Politics of the global land grab

Conference focus

The focus of the conference will be on the politics of global land grabbing and agrarian change. Papers should address some of the most urgent and strategic questions around global land grab, including:

  • What is the nature and extent of rural social differentiation – in terms of class, gender, ethnicity – following changes in land use and land property relations as well as organisations of production and exchange?
  • Have land deals undermined local level and national food security?  To what extent have agrarian political struggles been provoked by the new land investment dynamics?
  • What are the issues that unite or divide the rural poor, organised movements, and rural communities around the issue of land deals?
  • Have global land policies of different international development agencies encouraged or discouraged land deals? What are the strengths and limitations of ‘code of conduct’, certification, regulation, information dissemination, and capacity-building strategies?

The organisers invite papers that offer rigorous analysis of the issues from various critical perspectives including:

  • agrarian political economy
  • political sociology
  • political ecology.

The organisers also welcome papers offering comparative studies and proposals for thematic panels.

How to participate

To submit an abstract (200 words), email jpsworkshop@gmail.com, including your contact details and institutional affiliation.  The deadline for submissions is 31 October 2010.

Some papers presented at the workshop will be selected and considered for publication in The Journal of Peasant Studies.

About the conference

The conference is organised by The Journal of Peasant Studies in collaboration with the Land Deals Politics Initiative (LDPI). It is hosted by the new land theme of the Future Agricultures Consortium (FAC).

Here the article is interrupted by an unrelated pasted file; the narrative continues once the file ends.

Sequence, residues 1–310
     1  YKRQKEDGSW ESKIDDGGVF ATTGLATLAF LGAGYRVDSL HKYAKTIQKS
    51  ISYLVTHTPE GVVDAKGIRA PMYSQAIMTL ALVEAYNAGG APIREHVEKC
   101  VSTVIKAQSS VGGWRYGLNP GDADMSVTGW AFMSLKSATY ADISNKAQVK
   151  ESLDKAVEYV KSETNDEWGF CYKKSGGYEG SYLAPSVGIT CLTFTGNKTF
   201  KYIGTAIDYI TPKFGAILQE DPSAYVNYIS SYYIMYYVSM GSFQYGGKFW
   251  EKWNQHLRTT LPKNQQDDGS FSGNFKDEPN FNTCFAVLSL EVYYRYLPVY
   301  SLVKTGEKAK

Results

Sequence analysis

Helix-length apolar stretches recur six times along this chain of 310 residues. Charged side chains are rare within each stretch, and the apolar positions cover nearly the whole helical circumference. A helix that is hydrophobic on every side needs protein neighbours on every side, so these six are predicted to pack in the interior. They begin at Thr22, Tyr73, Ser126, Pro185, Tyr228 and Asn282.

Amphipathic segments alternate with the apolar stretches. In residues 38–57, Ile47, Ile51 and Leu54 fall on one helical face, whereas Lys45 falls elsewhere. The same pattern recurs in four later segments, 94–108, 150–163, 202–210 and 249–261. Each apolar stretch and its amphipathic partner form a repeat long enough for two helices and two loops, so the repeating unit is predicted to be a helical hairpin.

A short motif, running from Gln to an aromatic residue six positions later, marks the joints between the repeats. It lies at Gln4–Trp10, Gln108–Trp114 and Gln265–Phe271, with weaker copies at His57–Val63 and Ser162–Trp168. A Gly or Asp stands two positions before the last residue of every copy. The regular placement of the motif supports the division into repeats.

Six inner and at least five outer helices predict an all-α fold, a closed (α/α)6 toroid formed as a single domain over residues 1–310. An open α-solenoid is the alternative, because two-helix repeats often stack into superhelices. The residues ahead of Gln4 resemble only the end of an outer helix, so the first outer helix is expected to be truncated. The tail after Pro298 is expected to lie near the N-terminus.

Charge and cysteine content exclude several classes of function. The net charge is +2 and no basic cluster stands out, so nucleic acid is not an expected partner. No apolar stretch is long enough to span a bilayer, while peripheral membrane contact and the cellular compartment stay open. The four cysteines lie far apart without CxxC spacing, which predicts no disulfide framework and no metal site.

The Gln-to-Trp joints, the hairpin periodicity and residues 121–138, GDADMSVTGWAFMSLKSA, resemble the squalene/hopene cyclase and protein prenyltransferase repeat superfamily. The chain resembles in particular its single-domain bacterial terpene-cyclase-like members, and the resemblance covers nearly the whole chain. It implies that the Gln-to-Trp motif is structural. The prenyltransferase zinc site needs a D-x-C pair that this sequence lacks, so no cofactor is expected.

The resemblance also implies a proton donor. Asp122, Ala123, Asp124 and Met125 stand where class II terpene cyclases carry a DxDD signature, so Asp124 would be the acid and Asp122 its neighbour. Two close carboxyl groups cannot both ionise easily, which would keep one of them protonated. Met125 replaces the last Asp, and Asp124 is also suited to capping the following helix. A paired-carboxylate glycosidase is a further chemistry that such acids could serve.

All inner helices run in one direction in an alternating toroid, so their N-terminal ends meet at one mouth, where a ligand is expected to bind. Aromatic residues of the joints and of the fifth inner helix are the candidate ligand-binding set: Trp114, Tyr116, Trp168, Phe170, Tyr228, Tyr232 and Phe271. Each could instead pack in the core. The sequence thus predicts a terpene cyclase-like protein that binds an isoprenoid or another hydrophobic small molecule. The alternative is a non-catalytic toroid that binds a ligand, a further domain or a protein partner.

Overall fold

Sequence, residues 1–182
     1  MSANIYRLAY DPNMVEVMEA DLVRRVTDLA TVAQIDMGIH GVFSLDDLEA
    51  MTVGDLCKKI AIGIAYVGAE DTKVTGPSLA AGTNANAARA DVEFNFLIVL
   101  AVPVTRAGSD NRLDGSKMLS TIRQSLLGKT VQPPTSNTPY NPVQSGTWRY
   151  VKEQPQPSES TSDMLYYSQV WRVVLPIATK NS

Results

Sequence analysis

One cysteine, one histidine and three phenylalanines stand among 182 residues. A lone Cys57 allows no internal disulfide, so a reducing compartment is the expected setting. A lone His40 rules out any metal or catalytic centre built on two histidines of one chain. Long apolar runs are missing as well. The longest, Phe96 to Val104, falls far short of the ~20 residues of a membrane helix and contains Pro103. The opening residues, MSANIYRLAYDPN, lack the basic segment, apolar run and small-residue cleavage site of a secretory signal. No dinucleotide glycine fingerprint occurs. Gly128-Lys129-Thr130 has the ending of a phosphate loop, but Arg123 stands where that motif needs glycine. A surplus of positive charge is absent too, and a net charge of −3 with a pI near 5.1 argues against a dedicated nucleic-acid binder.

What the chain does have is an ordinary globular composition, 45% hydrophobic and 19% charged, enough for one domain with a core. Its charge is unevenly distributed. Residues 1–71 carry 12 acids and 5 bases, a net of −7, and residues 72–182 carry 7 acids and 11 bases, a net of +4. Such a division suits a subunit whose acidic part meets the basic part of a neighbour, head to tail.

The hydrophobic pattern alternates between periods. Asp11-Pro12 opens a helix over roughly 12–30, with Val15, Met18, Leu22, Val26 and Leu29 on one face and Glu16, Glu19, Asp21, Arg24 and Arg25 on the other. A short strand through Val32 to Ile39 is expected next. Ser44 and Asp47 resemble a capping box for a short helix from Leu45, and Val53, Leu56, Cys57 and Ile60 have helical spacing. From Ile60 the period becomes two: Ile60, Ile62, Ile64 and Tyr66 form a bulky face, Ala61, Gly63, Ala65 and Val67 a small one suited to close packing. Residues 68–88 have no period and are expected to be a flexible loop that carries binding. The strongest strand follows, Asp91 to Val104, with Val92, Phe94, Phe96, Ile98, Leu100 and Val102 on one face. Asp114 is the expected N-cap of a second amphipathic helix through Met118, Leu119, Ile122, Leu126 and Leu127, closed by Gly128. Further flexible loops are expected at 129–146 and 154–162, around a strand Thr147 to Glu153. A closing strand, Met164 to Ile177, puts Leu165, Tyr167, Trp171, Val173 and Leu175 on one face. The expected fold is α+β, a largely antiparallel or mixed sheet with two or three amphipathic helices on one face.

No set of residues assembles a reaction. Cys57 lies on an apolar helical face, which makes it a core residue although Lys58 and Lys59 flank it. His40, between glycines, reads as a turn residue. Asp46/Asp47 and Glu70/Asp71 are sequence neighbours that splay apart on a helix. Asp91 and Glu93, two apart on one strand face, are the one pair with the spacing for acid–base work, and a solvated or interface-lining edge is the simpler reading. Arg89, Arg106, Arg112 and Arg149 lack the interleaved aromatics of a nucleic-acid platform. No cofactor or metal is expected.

LDPI launched a small grants initiative in February 2010.  The initiative attracted 130 applications from around the world, 75 of which came from 24 African countries.  Through support from the FAC’s land theme, 20 small grants have been awarded for research on land grabs in Africa. A further set of small grants will be awarded shortly for cases from elsewhere.

The LDPI was jointly established by:

  • Initiatives in Critical Agrarian Studies (ICAS) currently hosted by Saint Mary’s University, Canada
  • Future Agricultures Consortium (FAC) whose Secretariat is based at the Institute of Development Studies (IDS), UK
  • Institute for Poverty, Land and Agrarian Studies (PLAAS) of the University of the Western Cape, South Africa
  • Resources, Environments and Livelihoods (RELIVE) cluster at the International Institute of Social Studies (ISS) in the Hague, Netherlands
  • Polson Institute of Global Development of Cornell University, USA.

08 June 2010 – Ian Scoones
Ian Scoones is Professorial Fellow and joint convenor of the IDS-hosted Future Agricultures Consortium.

See also: